If I can just put my James Bond fan hat on, I just came across this treat on Youtube. It’s a 45 minute retrospective of Daniel Craig’s tenure as 007, going through his five films. As it explains, the impact Craig has had on the franchise has been massive. He brought so much humanity and pathos to the character, while still being the cold, violent spy Ian Fleming created. Like many fans, I think Craig is my favourite actor to play the role. The Ironic thing is, when he was first cast in the role, he was lampooned in the press for being blonde, and everyone expected him to be a failure. To think that Craig then went on to be such a fantastic success is what makes this story so great.
The question now is, where does the franchise go from here? As the program details, over the past five films and fifteen years, Craig’s Bond has become a cultural icon: by and large, his films have been huge critical hits, and who can forget that this was the 007 who escorted the queen to the olympics – a cultural moment which must surely rank as one of the greatest in history. How can that possibly be followed? How can any actor follow Craig? Whoever the producer choose, I would hate to be in their shoes.
But then, they said that after Brosnan. I’m now very interested indeed in how Barbara Broccoli and Michael Wilson deal with this issue. Whoever they cast, it’s sure to come under a lot of scrutiny; but my hunch is, they’ll take a totally new tack. Craig played Bond so straight, so brutally, that the only way forward is to completely change the tone. As others are saying too, they’ll cast a lighter, more comic Bond – anything else will risk comparisons with hiss predecessor. Of course, the danger with that is, go too far down that route and it risks not being James Bond any more; stray too far and their choice will certainly be panned. Thus, largely thanks to the success of Daniel Craig, Bond’s producers are in quite a predicament: I can’t wait to see how they get out of it.
I kind of fancied another explore today, so earlier I had a look at the map to decide where to go. I go up to Stratford quite often, and I’ve been exploring the area around Canary Wharf a bit recently, but today I wanted a change. I looked at what I might find if I headed south rather than north, and noticed a shopping centre called the Glades in Bromley. I thought it might be interesting to look around, but it was clearly too far away to try to reach in just my powerchair. Luckily though, I soon found it was a single bus ride from Eltham, so with that I set off.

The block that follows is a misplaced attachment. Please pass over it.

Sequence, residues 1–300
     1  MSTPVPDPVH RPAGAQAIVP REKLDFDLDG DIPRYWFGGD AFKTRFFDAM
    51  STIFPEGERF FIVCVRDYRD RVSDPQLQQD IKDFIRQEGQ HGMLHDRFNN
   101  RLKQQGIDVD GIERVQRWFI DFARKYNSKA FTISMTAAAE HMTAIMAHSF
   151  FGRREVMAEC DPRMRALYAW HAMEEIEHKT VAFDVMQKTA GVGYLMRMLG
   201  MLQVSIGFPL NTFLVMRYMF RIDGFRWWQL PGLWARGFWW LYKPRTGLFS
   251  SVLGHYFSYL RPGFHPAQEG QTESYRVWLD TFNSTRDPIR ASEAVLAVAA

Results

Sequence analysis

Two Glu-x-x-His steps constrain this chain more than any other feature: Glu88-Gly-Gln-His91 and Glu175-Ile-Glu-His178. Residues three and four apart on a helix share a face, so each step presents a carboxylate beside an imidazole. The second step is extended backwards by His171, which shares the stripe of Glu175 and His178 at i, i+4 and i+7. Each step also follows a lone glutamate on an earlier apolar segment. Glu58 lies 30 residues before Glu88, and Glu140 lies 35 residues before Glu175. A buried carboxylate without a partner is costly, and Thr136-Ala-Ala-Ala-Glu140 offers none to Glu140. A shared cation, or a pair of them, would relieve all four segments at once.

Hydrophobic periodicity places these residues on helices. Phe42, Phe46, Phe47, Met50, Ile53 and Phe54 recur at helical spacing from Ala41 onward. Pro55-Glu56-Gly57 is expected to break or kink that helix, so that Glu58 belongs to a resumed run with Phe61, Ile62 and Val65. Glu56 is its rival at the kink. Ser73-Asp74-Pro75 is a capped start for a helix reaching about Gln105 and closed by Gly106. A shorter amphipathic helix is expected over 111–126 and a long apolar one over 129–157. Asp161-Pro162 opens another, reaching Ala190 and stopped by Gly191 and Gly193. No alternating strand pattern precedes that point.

The bus ride was quite a convoluted one, and it took longer to get there than I thought. When I did though, I was pleasantly surprised: being South London, I was kind of expecting to find something rather run down and shabby, but The Glades is a nice, well-kept shopping centre, with trendy sushi bars and a well-stocked Waterstones. It might be nowhere near as big as Westfield in Stratford, or as upmarket as Canary Wharf, but what I found wasn’t anything to turn your nose up at. The thing is, such places aren’t that uncommon in London; you find them all over the capital. Yet, thinking about it earlier, I reflected that you would never find a shopping centre like that in Congleton. The Glades might be on the small side for London, but you’d be lucky to find such a place in my hometown or similar small towns; there, such a centre would seem huge, opulent and perhaps even misplaced. It’s another instance of the glaring disparity between London and the rest of the country.
I just got in from a very cool trip. Yesterday I learned from a Facebook meme that Sir Ian McKellen now owns a pub called The Grapes. Being a big Lord Of The Rings fan, I naturally tapped the name into google, only to find it was in Limehouse, just the other side of Canary Wharf. That instantly got me excited, so after breakfast this morning I set off to see if I could find it, catching the DLR over the river and trundling west. I knew it was very unlikely that I would actually meet Sir Ian, but I was curious to see what a pub owned by a wizard was like.
The Grapes wasn’t very hard to find: it’s in a well to do area by the Thames. The only problem was, being about three centuries old, it’s door was rather narrow and hard to get my powerchair through. Once inside though, I was intoxicated: you could almost smell the history; the decor was very rustic and wooden. People must have been drinking there for eons with very little change. The best thing of all, however, was catching sight of Gandalf’s staff behind the bar: I could feel the presence of Mithrandir!
After some deliberation, I decided to stay for a solitary pint before heading on my way. It was still early, and I had more exploring to do. Yet it was already a very cool trip, if just to find that fascinating old pub, owned by one of my favourite actors.
I’m suddenly very, very excited. If you want to see a sneak peak of the second season of Picard, scheduled to hit the airwaves in a couple of months, check this out. This trailer was released less than an hour ago, and looks fantastic. Guinan, one of my all-time favourite Star Trek characters, is back! [Squeal!]